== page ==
In 1931, Col. Joseph Fairbanks (grandson of Joseph Paddock Fairbanks, who with brothers Erastus and Thaddeus founded St. Johnsbury Academy in 1842) gifted Brantview to the Academy for use as a resident dormitory for students. The building had been Joseph’s home as a child, as he grew up there in the late 1880s with sisters Almira and Mabel. Their parents William Paddock and Rebecca Pike Fairbanks built the “high-style” home in 1884; it was inspired by the William K. Vanderbuilt mansion on Fifth Avenue in New York City, also an example of elegant high-style architecture and likely familiar to the Fairbanks from visits to New York (where Fairbanks & Company had an office). High-style is the phrase used for the cutting-edge architecture of a given period—au courant or a la mode are synonyms.
Named Brantview by Rebecca Fairbanks after an estate she admired in the United Kingdom, the house was a gorgeous example of Chateauesque architecture for that period, designed by Lambert Packard, the designer for E. & T. Fairbanks Company in St. Johnsbury whose buildings included the Fairbanks Museum and Planetarium, North Congregational Church and the former St. Johnsbury YMCA.
An account of the building of Brantview published by the Vermont Union in 1884 read, “It stands upon an eminence commanding a sweeping view of the beautiful Passumpsic Valley, north and south, really one of the most charming views to be obtained in northern Vermont.” A similar account of the residence published in the Caledonian in 1883 read, “The house will be built of brick, two full stories, with high slate roof. The house will face the north, a wide hall running directly through on the first floor from north to south. On the east side of this hall are to be a reception room, drawing room, library, with conservatory on the south-east corner. On the west side of the hall are to be a private room, stairs, elevator and dining room; the latter fronting south.” A description that fits to this day—Brantview, structurally unchanged through time, in all its glory!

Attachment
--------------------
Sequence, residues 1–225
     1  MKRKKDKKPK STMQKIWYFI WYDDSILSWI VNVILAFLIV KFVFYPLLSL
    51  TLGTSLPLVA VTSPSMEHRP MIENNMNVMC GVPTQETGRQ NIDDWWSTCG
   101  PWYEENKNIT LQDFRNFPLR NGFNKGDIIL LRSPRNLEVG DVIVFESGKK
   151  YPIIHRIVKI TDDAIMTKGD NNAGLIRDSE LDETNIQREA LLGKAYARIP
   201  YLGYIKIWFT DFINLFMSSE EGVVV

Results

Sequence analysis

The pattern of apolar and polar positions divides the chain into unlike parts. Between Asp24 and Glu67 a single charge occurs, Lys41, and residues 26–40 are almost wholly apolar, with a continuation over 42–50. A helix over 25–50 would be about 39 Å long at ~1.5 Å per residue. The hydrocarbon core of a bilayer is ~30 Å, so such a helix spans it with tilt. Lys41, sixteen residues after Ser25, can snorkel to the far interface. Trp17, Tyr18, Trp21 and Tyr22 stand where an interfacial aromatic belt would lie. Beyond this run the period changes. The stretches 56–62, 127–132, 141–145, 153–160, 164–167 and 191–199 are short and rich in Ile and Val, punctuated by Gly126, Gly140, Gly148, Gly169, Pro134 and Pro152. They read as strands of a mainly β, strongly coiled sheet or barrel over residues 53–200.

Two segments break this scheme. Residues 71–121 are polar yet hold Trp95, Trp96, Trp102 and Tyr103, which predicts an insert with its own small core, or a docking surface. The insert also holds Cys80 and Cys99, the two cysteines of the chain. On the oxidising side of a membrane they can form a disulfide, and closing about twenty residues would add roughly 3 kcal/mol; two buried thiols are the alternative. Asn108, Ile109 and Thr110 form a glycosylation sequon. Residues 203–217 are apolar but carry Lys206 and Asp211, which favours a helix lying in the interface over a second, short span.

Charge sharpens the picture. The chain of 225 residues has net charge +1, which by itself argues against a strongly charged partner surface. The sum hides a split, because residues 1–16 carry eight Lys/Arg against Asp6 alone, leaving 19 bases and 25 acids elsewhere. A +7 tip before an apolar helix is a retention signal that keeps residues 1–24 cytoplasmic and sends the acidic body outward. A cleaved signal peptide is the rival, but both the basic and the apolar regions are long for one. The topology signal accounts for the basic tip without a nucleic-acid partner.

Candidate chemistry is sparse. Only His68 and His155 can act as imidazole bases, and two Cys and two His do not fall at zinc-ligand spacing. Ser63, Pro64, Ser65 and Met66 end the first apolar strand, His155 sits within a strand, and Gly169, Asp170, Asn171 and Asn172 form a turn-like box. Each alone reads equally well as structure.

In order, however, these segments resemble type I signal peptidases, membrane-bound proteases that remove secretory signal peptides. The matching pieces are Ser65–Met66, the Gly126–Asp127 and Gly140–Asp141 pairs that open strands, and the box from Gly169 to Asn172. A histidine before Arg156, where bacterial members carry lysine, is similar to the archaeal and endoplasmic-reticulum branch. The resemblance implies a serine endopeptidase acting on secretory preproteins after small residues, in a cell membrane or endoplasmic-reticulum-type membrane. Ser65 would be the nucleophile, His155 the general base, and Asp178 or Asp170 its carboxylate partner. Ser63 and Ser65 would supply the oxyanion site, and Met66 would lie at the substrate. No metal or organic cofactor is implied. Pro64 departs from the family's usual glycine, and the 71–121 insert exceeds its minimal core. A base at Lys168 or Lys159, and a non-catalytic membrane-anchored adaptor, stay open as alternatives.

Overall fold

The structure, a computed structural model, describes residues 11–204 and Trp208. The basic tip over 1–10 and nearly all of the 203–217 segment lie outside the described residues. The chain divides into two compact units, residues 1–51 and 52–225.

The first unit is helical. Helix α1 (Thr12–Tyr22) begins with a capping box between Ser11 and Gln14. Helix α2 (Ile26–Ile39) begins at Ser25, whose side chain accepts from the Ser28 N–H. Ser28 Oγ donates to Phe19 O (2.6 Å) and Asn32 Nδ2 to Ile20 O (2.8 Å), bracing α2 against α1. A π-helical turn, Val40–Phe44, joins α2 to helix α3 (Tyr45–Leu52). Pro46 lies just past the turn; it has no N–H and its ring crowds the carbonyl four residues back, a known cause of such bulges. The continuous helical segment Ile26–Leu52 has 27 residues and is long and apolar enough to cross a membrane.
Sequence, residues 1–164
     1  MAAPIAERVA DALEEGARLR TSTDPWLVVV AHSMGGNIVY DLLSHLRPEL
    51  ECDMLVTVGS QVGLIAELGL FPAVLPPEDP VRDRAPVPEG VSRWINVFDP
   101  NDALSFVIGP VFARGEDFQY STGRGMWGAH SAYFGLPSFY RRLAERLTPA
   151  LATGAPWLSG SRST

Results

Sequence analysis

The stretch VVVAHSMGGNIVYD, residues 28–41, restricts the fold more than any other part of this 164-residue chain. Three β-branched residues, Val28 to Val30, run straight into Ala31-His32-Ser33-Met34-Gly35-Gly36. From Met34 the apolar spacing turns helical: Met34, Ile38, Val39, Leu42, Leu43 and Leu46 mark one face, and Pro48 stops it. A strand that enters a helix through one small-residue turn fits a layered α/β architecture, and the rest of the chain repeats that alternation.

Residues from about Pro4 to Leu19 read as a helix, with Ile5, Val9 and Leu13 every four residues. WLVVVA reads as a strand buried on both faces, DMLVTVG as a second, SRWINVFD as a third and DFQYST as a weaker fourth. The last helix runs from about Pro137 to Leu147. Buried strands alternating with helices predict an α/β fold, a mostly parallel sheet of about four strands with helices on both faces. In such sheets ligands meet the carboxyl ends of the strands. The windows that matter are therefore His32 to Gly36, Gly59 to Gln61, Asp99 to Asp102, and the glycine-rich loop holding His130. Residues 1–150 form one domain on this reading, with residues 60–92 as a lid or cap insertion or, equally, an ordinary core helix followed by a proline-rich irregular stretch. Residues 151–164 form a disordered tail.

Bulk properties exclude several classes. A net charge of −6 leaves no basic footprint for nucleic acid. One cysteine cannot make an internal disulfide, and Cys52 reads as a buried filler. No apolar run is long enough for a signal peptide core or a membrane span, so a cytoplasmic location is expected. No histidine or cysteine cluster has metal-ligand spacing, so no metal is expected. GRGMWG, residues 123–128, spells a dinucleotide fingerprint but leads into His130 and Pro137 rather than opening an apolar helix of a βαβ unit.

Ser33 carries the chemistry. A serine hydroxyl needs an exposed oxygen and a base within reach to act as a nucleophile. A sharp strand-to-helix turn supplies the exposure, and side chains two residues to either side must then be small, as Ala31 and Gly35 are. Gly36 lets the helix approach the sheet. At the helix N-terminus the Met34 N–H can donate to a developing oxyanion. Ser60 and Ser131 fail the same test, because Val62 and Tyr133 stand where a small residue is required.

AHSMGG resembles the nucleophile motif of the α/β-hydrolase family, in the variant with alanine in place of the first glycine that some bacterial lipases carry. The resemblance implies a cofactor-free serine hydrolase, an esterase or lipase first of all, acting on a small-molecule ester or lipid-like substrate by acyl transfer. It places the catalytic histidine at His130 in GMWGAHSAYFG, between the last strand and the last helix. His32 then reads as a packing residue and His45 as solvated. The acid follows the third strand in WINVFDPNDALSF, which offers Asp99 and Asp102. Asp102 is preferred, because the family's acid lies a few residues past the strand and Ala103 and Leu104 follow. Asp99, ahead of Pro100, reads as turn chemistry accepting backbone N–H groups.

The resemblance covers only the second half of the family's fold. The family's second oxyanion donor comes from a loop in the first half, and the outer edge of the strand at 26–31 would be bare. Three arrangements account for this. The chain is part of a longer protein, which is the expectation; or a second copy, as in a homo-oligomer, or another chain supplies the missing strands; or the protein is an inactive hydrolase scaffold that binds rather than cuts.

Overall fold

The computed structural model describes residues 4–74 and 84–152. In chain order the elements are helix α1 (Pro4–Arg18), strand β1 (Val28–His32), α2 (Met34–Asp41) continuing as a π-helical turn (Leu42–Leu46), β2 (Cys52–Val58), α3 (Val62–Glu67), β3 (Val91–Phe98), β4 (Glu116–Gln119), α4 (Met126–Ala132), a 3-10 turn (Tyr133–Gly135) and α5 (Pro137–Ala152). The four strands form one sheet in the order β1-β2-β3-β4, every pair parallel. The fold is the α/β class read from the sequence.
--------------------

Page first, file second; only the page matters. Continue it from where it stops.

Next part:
As stately and well-cared-for as Brantview remains today, however, critical updates and structural maintenance are needed on the 129-year-old building. The last major renovations occurred in 1977 and the 1990s, with particular maintenance attention to the wood and plaster ceilings. In the 1990s, rooms were divided and expanded and bathrooms were installed in the basement, near the laundry area. One maintenance concern at that time was that the building be reinforced so that vibration from nearby Interstate 91 would not cause any damage, said former Headmaster Bernier Mayo.
In the intervening years, about 1,000 Academy boys and dozens of faculty and staff proctors (and their families) have called Brantview home. The building remains in good condition, thanks to regular safekeeping by the Academy maintenance crew; but upgrades are needed to preserve the home for another 130-plus years and thousands more resident students. Now is the time to save Brantview. A multi-million dollar renovation—a new slate roof, new wiring and infrastructure systems, a new heating system and insulation—is planned to save and preserve the building for future generations of Academy students.
Abiding by the words in Fuller Hall: “We will transmit this school not less but greater and more beautiful than it was transferred to us.”